How to Start Eating Green

How to Start Eating Green

Written by Bethany

We are all hyper aware of the climate crisis conversation that is encompassing our day-to-day lives at the moment. Some of us may even have a hint of eco-anxiety: a notion of slight environmental doom. We all try to do our bit from time to time; recycling our cardboard boxes, switching off the lights when we leave the kitchen, putting on a jumper instead of turning on the heating. However, when there is more that we can individually do, and if we are physically and economically able to do so, maybe we need to ask ourselves - what is stopping us?

We’ve all read the articles and statistics: one of the most impactful things that we can do which dramatically decreases our individual carbon footprint and greenhouse gas emission is cutting down our meat, fish and dairy consumption, aka becoming vegan or vegetarian (even if it’s only for a couple of nights a week). 26% of the Earth’s land is used for grazing beef cattle or for animal feed (Greenpeace 2020) - doesn’t that sound so absurd? Even the greenest most organic types of meat, creates more greenhouse gases than plant based sources of protein.

 So what can we do?

1. We can eat less meat and fish. There needs to be a substantial collective shift in our minds that meat is the main component of a meal, and instead think of it as an addition to, or a side.

2. We can try and buy our food as sustainably as possible. This applies to everyone, even vegetarians and vegans. The buying of responsible fruits, vegetables, fish and meats, aka fresh produce, is paramount to eating sustainably. We can do this by buying organic foods, buying local produce at local markets for example, and buying fair trade. No product we buy in the supermarket is entirely 100% sustainably produced, however buying food with these things labeled is a sure improvement.

3. Reduce our food and kitchen waste. A terrifying statistic of 900 million tonnes of food is thrown away globally each year (BBC 2021). To reduce our waste, we first need to look at what and how much we are buying. When doing our food shops for the week, we need to perhaps consider how many lunches and dinners we’ll be having at home that week and how many we’ll be out for. Instead of buying extra food throughout the week, we can look at all the ingredients we have already in the fridge and cupboard and get a little creative!

Now let’s talk about accessibility. It’s true, being vegan and eating mock meats, milks, chocolates, cheeses etc, can be very expensive - however, the narrative that veganism is entirely inaccessible to those with low income lacks substance. We have a warped view and a lack of education of what consists of a balanced diet and what the sources of key nutritional elements actually are. We all remember the laminated drawing in primary school of a plate with ⅓ for red meat, ⅓ vegetables and ⅓ carbohydrates , shown to our sweet little younger selves as the perfect representation of a balanced diet. Most of us are aware now that there are many plant-based alternatives for protein that are some of the most accessible foods: chickpeas, lentils, beans. Establishing and ingraining the idea that protein can only come from red meats, allows for harmful eating habits that have negative impacts on our health. Often the meat that is bought by families in the UK is low quality, highly processed and saturated, and overall very bad for our health with little nutritional value.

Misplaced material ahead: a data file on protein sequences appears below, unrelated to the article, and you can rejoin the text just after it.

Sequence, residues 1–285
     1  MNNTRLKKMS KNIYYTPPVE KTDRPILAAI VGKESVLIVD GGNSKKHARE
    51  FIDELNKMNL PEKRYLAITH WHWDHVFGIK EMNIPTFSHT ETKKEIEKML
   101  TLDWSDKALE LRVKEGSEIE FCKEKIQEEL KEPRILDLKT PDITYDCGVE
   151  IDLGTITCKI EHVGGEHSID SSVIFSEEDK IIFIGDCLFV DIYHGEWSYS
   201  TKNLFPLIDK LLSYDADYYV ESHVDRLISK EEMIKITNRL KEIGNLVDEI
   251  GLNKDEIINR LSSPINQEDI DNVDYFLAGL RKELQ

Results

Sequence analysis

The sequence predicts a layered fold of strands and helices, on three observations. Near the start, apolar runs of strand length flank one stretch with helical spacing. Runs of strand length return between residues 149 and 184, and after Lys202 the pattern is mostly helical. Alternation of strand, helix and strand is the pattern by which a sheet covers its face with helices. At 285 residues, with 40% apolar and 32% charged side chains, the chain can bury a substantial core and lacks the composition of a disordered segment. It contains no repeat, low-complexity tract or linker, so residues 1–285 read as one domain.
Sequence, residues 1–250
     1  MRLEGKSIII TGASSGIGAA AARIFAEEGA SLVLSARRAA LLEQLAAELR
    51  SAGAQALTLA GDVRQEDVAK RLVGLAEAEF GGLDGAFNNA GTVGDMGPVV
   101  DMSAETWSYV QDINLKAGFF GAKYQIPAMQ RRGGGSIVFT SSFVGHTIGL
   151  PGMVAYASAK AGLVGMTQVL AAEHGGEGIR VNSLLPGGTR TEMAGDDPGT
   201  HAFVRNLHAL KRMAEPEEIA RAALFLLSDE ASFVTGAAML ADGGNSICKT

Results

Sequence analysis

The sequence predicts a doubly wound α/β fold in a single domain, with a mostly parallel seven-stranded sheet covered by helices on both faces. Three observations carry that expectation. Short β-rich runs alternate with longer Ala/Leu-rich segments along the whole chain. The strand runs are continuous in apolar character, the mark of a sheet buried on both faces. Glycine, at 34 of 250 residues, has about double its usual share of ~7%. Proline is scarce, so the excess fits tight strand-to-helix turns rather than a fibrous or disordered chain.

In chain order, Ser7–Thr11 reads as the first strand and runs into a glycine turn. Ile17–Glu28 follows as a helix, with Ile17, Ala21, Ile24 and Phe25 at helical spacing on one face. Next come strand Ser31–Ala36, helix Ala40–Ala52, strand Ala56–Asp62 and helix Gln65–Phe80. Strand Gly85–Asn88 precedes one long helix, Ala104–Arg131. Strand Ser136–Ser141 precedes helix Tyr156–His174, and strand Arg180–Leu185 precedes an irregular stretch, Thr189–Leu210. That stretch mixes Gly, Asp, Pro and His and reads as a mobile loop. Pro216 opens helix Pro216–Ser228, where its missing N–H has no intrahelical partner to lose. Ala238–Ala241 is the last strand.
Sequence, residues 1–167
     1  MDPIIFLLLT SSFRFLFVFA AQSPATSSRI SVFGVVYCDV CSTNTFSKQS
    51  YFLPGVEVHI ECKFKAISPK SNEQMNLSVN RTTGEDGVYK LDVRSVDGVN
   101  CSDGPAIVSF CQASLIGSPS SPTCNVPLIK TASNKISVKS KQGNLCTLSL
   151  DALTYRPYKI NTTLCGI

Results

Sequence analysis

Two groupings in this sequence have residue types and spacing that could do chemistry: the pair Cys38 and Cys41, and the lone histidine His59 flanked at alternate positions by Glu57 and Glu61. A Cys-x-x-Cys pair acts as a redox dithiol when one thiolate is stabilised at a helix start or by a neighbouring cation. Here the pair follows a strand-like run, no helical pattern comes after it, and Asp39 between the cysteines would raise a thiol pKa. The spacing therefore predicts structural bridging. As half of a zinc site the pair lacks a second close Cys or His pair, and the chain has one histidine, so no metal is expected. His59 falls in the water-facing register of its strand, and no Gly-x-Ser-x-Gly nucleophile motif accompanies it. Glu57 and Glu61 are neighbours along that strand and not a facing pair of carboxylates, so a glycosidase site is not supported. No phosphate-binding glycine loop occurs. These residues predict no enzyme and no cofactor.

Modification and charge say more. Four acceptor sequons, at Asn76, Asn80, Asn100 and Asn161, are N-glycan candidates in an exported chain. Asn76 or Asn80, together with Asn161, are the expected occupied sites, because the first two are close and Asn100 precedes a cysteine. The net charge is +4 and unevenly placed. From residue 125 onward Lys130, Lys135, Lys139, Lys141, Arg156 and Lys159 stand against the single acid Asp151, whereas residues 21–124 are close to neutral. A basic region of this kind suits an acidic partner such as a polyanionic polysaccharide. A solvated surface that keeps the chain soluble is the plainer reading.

Vegan/vegetarian staples are affordable, they are some of the cheapest things found in a supermarket: beans, legumes, rice, oats, bread, potatoes, pasta. Similarly, frozen vegetables have the same nutritional value as fresh ones and are often half the price. Therefore, eating vegan isn’t inaccessible for the most part, however acknowledgment that becoming vegan and seeking those mock meat alternatives and specific substitutes (notably B12) can be expensive to those with low income is important. Yet for those of us who can afford to, and have the privilege to, make those subtle switches, should try.

The big shift to veganism or vegetarianism may not be for some, but even just slightly shifting your diet to eating one or two nights vegan a week, or eating vegetarian most of the time whilst saving your meat and fish consumption for the weekends, is still making a significant individual impact. When a climate crisis is looming, an individual evaluation of what we eat and how those dietary choices impact the earth needs to be taken.

Meat alternatives can now be found in every UK supermarket, which demonstrates just how popular they are. At the end of the day it all comes down to supply and demand. Those large corporations and supermarket chains are driven by what the consumer desires, and if we show them that a greener future is what we desire by buying more sustainable foods, they will eventually listen, making the foods more easily accessible and cheaper.

A few documentaries and podcasts about the subject to watch, listen and educate yourself on are : ‘The Game Changers’, ‘Cowspiracy’, ‘What the Health’, ‘The Disclosure Podcast’ and ‘Eat for the Planet’.



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